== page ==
OXFORD, Miss. – Ten undergraduate students from across the country gained a wealth of research experience this summer at the University of Mississippi, thanks to a new program funded by the National Science Foundation.
Moreover, some students helped further UM research programs that are searching for new drugs to treat a range of human ailments, including Alzheimer’s disease, bipolar disorder and some cancers. Others focused on projects that expand knowledge in several chemistry disciplines.
The Research Experience for Undergraduates, commonly referred to at Ole Miss as the Physical Chemistry Summer Research Program, recruited students who had completed at least their first year of college but had not yet graduated. REU researchers gained hands-on experience covering a broad range of topics related primarily to chemistry.
“One goal of the program is to give a research experience to undergrads by involving them in real research projects,” said Robert Doerksen, a REU program participant and associate professor of medicinal chemistry in the UM School of Pharmacy. “By doing so, the students are able to test their abilities and expand their ideas of what further educational path to follow.”
Doerksen’s project focused on understanding and quantifying the interactions of small-molecule inhibitors with two protein kinases, which are attractive targets for drug design. Caleb Swain, a rising senior at the Georgia Southern University in Georgia, and Laura Beth Jobe, a rising senior from Erskine College in South Carolina, helped Doerksen with the project.
“The interactions between a drug target (protein kinase), a potential drug ligand and water improve the binding affinity of the ligand for the protein kinase active site,” Jobe said.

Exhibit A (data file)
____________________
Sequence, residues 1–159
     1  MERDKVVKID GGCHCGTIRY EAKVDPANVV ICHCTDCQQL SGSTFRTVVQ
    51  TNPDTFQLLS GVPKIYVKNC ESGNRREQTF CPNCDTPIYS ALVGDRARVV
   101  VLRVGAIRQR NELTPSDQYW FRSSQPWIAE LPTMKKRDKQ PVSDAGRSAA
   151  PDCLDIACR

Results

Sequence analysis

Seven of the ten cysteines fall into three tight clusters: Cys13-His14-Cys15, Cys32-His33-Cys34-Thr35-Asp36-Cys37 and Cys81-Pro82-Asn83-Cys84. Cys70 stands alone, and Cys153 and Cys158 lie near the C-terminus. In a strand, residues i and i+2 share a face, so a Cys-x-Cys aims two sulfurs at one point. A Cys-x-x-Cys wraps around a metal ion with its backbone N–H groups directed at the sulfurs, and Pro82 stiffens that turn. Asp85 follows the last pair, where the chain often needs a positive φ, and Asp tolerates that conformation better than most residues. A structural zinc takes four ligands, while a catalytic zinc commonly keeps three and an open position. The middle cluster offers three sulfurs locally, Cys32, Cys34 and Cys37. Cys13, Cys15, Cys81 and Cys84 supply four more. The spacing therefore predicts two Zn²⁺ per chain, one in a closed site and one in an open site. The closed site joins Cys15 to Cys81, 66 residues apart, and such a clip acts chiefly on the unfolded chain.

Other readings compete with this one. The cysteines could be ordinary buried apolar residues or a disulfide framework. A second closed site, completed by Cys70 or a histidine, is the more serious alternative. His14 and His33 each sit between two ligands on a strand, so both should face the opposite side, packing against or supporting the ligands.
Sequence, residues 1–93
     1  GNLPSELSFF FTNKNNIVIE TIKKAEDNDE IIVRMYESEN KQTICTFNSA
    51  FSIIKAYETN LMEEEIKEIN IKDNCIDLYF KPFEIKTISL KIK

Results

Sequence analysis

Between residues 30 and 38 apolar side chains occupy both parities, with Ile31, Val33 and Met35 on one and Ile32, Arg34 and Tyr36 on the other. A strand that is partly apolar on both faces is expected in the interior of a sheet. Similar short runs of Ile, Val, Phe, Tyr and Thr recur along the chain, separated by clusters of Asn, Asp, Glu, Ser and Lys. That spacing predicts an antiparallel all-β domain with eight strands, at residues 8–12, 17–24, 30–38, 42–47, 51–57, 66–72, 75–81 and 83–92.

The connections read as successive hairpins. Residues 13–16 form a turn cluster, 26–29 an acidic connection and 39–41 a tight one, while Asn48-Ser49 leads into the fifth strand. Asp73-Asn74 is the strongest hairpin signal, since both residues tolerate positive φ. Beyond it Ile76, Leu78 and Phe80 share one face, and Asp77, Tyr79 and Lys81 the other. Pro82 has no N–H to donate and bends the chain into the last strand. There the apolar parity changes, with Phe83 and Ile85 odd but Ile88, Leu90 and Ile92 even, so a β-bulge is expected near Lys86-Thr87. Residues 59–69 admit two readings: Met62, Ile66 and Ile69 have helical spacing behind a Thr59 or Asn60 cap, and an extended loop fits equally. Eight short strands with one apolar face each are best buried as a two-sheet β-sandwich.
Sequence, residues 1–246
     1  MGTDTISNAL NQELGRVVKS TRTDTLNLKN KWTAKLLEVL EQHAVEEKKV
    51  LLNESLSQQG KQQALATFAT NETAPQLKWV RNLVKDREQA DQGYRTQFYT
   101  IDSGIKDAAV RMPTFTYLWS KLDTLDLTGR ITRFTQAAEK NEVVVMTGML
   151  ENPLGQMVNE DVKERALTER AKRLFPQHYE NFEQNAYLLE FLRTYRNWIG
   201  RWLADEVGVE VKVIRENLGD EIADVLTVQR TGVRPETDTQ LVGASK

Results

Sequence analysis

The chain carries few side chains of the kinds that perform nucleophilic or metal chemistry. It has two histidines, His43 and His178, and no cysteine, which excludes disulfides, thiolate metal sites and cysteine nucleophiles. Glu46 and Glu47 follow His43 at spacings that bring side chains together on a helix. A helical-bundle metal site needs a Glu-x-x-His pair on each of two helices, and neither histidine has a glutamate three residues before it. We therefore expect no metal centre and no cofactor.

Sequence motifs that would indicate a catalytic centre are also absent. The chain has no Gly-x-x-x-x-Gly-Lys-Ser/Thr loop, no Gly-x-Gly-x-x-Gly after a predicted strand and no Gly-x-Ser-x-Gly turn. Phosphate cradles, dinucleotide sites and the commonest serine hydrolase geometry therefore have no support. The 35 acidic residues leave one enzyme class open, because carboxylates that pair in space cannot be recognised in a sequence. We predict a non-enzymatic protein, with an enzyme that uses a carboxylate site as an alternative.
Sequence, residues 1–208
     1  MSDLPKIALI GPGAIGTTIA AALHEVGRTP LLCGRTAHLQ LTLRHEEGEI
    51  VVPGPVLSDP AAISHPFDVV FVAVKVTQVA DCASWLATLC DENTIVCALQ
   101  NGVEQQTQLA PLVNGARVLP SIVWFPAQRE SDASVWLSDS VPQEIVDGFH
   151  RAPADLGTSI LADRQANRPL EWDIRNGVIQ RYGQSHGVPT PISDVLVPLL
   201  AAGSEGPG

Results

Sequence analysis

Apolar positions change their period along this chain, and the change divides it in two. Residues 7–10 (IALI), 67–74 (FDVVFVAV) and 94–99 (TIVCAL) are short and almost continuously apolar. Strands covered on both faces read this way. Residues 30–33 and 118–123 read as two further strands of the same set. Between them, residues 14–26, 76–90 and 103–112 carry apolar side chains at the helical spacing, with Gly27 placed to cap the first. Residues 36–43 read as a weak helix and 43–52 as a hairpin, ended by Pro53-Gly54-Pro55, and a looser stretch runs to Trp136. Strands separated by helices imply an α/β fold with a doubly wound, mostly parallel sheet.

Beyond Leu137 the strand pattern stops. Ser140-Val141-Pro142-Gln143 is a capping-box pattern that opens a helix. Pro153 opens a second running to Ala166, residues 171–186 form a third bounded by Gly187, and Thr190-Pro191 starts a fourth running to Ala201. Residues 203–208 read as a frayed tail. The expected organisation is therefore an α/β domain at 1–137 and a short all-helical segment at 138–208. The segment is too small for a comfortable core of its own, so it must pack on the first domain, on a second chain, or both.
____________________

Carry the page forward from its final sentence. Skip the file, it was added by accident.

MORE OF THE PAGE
By helping the drug ligands bind to the target, the researchers hope to block the protein kinases’ ability to cause cellular processes that trigger diseases and other human ailments.
“This blocking is desirable in the treatment of many diseases such as Alzheimer’s disease, bipolar disorder and certain types of cancer,” Jobe said.
The REU program also enables students to conduct meaningful research, Doerksen said.
“By having intelligent researchers contribute, we can help scientific progress,” he said. “It is important to have more students involved in scientific research to help them effectively decide upon a career path and ultimately to make them more effective citizens.”
Jobe said that her experience in the program solidified her decision to attend medical school.
“My goal of becoming a practicing physician and my interest in medical research has been enhanced through my participation in research at the University of Mississippi,” she said. “Conducting research during the summer afforded me not only an accelerated means of achieving my career goals by providing me with vital research connections and the discovery of my areas of interest but also an exciting opportunity to begin scientific discovery prior to medical school.”
At the end of the program, student researchers completed an analysis, report and presentation of their research. One of the program’s long-term goals is for the students’ research to appear in an article in a peer-reviewed scientific journal, Doerksen said. By doing this, he said, their research will contribute to the betterment of society.
“Based upon my experience in the chemistry and medicinal chemistry departments, I believe that the University of Mississippi fosters an authentic love of learning by pushing students to reach their fullest potential and cultivate resourcefulness and an excellent work ethic, while providing them with the support and encouragement they need to persevere in their tasks,” Jobe said.
Now that the first year of the three-year NSF grant is complete, participants have evaluated and assessed the program and expect to keep it “prospering well into the future,” Doerksen said.
For more information about the Research Experience for Undergraduates Program, visit http://reu.chem.olemiss.edu.